A pair of Finnish producers called Pan Sonic—then known as Panasonic, before a team of corporate lawyers encouraged them to change their name—led one of the first forays into experimentation in electronica. Mika Vainio, head architect of the Pan Sonic sound, used handmade sine wave oscillators and a collection of inexpensive effect pedals and synthesizers to create a highly synthetic, minimal, “hard-edged” sound. Their first CD, titled Vakio, was released in the summer of 1993, and was a sonic shockwave compared to the more blissful strains of ambient-techno becoming popular at that time. The Pan Sonic sound conjured stark, florescent, industrial landscapes; test-tones were pounded into submission until they squirted out low, throbbing drones and high-pitched stabs of sine waves. The record label Vainio founded, Sähkö Records, released material by a growing catalog of artists, most of it in the same synthetic, stripped-down, minimal vein.

Address : http://www.ccapitalia.net/reso/articulos/cascone/aesthetics_failure.htm
Date Visited: Sun Apr 19 2009 21:52:07 GMT-0400 (EDT)

Composers of glitch music have gained their technical knowledge through self-study, countless hours deciphering software manuals, and probing Internet newsgroups for needed information. They have used the Internet both as a tool for learning and as a method of distributing their work. Composers now need to know about file types, sample rates, and bit resolution to optimize their work for the Internet. The artist completes a cultural feedback loop in the circuit of the Internet: artists download tools and information, develop ideas based on that information, create work reflecting those ideas with the appropriate tools, and then upload that work to a World Wide Web site where other artists can explore the ideas embedded in the work.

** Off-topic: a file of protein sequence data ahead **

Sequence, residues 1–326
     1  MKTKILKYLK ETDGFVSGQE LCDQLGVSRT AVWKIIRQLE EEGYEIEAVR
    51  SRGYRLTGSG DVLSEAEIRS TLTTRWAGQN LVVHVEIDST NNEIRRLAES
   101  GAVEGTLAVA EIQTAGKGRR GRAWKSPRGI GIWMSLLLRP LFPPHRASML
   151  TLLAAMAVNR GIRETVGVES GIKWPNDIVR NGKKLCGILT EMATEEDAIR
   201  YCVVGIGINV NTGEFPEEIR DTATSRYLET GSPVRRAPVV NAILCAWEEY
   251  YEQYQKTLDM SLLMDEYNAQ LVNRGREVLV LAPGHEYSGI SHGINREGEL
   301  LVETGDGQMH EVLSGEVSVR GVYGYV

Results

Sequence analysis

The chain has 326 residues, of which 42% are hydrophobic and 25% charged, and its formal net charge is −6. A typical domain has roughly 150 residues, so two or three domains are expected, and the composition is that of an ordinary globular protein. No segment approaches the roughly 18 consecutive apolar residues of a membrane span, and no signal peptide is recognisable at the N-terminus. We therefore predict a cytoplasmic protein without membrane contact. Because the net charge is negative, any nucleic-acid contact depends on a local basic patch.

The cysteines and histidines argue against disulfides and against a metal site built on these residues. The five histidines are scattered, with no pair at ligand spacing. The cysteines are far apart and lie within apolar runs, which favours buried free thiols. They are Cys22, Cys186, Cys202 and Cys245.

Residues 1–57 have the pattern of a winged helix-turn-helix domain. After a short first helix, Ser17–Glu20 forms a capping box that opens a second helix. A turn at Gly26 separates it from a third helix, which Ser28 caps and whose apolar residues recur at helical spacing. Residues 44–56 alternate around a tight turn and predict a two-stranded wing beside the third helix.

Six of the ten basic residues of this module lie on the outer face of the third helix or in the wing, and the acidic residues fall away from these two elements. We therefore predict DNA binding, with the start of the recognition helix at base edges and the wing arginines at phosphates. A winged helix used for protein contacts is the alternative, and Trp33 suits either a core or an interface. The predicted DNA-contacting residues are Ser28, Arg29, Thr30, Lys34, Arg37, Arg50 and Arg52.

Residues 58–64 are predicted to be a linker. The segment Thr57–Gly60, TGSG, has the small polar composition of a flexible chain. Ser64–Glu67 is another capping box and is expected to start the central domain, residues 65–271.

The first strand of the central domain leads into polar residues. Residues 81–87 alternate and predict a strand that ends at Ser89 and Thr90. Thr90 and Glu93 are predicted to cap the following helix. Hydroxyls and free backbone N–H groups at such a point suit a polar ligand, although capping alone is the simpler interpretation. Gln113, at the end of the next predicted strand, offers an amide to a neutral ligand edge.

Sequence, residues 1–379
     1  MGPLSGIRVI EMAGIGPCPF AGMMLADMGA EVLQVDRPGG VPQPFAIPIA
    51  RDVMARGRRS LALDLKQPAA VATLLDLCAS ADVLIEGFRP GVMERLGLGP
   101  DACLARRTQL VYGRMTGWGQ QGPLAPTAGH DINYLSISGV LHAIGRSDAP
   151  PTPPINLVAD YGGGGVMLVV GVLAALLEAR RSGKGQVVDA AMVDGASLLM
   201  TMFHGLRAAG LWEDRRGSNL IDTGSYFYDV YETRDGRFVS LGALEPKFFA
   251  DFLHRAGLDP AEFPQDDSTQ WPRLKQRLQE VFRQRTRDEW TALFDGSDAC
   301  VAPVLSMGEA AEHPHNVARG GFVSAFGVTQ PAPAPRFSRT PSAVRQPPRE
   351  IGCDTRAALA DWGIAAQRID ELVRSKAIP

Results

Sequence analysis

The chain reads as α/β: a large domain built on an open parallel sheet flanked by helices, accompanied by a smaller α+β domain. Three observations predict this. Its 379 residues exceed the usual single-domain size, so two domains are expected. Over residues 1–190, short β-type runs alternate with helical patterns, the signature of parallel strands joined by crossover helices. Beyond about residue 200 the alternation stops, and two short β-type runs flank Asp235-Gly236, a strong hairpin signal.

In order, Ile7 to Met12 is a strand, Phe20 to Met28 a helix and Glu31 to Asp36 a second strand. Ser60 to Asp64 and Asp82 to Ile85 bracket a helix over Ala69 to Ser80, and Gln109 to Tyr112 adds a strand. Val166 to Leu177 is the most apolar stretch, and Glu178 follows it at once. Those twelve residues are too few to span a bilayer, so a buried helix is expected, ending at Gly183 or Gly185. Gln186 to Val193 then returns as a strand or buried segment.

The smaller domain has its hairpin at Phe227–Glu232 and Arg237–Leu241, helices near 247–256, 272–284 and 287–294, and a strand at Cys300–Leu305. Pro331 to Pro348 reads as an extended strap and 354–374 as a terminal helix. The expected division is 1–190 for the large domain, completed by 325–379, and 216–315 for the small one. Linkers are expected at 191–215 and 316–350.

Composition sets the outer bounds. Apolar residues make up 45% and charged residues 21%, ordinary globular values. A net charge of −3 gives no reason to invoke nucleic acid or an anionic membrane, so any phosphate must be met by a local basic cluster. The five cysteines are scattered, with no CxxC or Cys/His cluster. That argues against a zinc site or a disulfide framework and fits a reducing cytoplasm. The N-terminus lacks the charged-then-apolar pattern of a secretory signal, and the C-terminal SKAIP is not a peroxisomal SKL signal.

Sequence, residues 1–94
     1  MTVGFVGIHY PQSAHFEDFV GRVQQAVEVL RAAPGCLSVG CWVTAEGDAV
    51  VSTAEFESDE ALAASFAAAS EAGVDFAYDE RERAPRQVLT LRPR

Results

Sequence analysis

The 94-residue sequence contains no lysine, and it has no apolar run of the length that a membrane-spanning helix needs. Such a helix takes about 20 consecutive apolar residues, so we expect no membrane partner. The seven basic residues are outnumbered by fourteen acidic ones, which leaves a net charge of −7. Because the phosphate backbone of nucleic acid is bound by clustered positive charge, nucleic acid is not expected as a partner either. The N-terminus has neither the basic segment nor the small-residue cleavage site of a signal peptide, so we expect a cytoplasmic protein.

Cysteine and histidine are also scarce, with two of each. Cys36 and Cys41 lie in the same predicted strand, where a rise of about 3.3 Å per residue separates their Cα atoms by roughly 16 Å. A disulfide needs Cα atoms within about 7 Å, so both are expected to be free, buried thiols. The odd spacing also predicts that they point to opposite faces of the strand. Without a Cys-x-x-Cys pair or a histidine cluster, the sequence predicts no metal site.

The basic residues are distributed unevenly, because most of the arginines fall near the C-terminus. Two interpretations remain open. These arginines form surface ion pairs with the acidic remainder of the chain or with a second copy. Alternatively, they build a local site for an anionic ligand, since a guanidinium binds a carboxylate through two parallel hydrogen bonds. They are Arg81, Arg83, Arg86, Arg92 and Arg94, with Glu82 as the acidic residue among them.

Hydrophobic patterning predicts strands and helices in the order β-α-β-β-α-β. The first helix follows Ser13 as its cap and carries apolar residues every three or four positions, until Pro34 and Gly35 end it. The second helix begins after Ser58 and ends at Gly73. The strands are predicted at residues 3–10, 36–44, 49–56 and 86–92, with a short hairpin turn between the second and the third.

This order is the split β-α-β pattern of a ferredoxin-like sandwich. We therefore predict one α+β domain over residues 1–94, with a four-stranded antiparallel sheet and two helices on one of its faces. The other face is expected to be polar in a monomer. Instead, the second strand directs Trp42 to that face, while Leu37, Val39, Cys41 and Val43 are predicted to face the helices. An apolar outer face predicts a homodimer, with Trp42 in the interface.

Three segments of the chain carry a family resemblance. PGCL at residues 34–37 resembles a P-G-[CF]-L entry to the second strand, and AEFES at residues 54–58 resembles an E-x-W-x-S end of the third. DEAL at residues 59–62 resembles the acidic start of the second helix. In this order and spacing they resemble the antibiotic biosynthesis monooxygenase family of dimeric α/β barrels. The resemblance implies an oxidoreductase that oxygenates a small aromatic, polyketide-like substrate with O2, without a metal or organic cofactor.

Address : http://www.ccapitalia.net/reso/articulos/cascone/aesthetics_failure.htm
Date Visited: Sun Apr 19 2009 21:53:48 GMT-0400 (EDT)



4. Identify the most difficult or challenging concept for you from this week’s readings. Saying “I don’t know” or “nothing was difficult” is not an adequate response. (8pts)Although I’m familiar with some of the artists that were mentioned in The Aesthetics of Failure, I felt confused about what some of the ideas being described might sound like. I’ve never yet heard a performance of 4’33”, but I imagine it would be an amazing thing to experience. I can’t quite fathom what the effect would be — awkwardness? Would someone who didn’t grok Cage get up and leave altering the respectful space?

5. Provide 2 or 3 discussion questions for us to talk about in class (6pts)

If we follow Cage’s lead and celebrate sound by amplifying what we commonly think of as silence, which he believes is unachievable, how might we use this in our leadership and communication roles in order to celebrate and amplify productivity, motivation, and clarity?

How can the glitch aesthetic be applied to organizational leadership — where is the beauty in failure in the workplace, and can it be brought to light?

How can we use some of these ideas (the positive aesthetic of ghosts, glitches, and failure) in order to influence the aural culture of our workspaces?

6. Discuss how this week’s readings might relate to your upcoming presentation, paper or to the “real world.” Here too, saying “I don’t know” or “it does not apply” is not an adequate response. (8pts)

As both a visual artist who has focused on the glitch aesthetic in my work, and a musician who has enjoyed and appreciated industrial sound and broken sound in the music I listen to and aspire to play, I really felt in tune with these articles. I am still gathering exactly how these ideas can be translated into my leadership roles.